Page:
On September 30, Ukrainian President Leonid Kuchma released Foreign Affairs Minister Borys Tarasyuk from his post, replacing him with Anatoly Zlenko, a former minister of foreign affairs (1990-94) and ambassador to the UN (1994-97) and to France (1997 to date). Zlenko’s record in office is an encouraging one, but lacks Tarasyuk’s shine.
Tarasyuk, a career diplomat, was the most outspokenly pro-Western member of the Ukrainian cabinet during his two years as minister. He had earlier served as envoy in Brussels and chief of Ukraine’s mission to NATO, was an architect of Ukraine’s highly successful partnership with the Atlantic Alliance, and energetically promoted his country’s relations with the United States, Western Europe and neighboring Poland in his successive capacities as first deputy minister and minister. His public statements frequently emphasized Ukraine’s European identity and a vision of the nation’s future in association with the West. During those years (1995-2000), Tarasyuk acted on Kuchma’s instructions and implemented the president’s policies, sometimes moving a step or two ahead of the president in the articulation of those policies, but always covered by the president’s authority in implementing the policies.
Kuchma is being vague about the reasons behind his decision to release Tarasyuk. But the president seems to be hinting that he needs at this stage is a figure more accommodating to Russia. While offering lukewarm praise for Tarasyuk’s performance, Kuchma stopped short of listing Tarasyuk’s merits in developing relations with NATO and the United States. He remarked that Ukraine now needs a minister capable of saying more than “simply ‘yes’ or ‘no’ to partner countries,” and that Ukraine’s relations with Moscow need to be “evened out.”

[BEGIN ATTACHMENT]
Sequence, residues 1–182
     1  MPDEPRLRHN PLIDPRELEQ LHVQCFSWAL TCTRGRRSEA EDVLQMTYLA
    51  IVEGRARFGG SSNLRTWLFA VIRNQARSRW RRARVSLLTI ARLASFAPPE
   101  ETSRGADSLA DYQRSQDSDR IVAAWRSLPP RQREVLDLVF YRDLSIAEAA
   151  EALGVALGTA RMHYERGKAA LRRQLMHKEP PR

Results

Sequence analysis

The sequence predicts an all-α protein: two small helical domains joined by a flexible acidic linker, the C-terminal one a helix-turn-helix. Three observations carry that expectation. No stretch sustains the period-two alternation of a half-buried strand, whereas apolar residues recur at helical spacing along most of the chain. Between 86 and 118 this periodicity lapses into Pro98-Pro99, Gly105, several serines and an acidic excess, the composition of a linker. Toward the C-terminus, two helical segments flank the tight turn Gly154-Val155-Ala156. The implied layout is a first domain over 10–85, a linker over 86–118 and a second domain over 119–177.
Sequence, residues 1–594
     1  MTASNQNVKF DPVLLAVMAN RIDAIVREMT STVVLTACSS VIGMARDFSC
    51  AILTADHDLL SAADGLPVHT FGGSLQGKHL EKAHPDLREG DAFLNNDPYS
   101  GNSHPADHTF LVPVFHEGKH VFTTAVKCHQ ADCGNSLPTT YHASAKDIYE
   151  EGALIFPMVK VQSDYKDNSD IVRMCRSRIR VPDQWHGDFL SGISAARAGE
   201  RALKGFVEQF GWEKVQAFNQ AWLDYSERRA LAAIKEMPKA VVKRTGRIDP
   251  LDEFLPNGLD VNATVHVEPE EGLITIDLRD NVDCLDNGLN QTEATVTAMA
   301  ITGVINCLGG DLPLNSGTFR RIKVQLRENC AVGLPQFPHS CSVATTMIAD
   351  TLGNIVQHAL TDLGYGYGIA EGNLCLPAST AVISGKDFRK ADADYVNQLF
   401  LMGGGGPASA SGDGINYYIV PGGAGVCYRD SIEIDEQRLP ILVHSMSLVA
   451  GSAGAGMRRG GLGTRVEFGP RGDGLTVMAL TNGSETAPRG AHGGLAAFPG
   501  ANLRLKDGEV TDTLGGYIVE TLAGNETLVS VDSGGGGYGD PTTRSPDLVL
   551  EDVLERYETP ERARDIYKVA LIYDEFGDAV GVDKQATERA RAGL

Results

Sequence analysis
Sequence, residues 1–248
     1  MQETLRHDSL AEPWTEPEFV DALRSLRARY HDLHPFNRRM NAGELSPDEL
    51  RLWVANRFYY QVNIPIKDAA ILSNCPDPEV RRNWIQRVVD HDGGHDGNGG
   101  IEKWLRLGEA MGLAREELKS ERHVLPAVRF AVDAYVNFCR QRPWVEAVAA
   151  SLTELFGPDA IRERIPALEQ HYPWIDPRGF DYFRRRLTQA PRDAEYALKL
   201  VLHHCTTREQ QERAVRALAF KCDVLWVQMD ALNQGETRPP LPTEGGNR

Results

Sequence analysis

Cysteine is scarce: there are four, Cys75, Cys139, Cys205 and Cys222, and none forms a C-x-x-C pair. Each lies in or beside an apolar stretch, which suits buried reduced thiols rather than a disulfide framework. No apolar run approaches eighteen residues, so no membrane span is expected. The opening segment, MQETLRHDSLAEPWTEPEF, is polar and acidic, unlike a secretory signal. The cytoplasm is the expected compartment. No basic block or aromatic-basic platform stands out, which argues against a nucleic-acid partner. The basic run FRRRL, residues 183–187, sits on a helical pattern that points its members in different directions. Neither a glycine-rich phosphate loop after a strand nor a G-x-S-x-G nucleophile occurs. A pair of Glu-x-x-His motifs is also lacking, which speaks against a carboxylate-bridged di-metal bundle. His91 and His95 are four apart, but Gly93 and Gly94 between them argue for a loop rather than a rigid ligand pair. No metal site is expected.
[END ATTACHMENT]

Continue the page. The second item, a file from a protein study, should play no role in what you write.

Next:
Introducing Tarasyuk’s successor to the ministry’s staff, Kuchma further remarked that Ukraine “must find a better formula for relations with Russia. Those relations must be geared to cooperation, not confrontation, and they must in no way be regarded as secondary in importance.” Kuchma stopped short of saying that Tarasyuk was being “confrontational” vis-a-vis Moscow; yet that had been the view in Moscow for some time–a view which Tarasyuk had more than once refuted successfully and with Kuchma’s implicit support. That support has now apparently been withdrawn.
The president’s move was by all evidence coordinated in advance with Verkhovna Rada Chairman Ivan Plyushch. The speaker, who is also a Western-oriented figure, candidly declared, “The state of Ukraine’s economy does not allow the country to spend a winter without Russia.”
In replacing the minister, Kuchma offered assurances that Ukraine’s policies will not change. Such assurances are required and expected in this type of situation. Only the follow-up moves will tell (UNIAN, DINAU, Eastern Economist Daily (Kyiv), AP, September 30-October 2).
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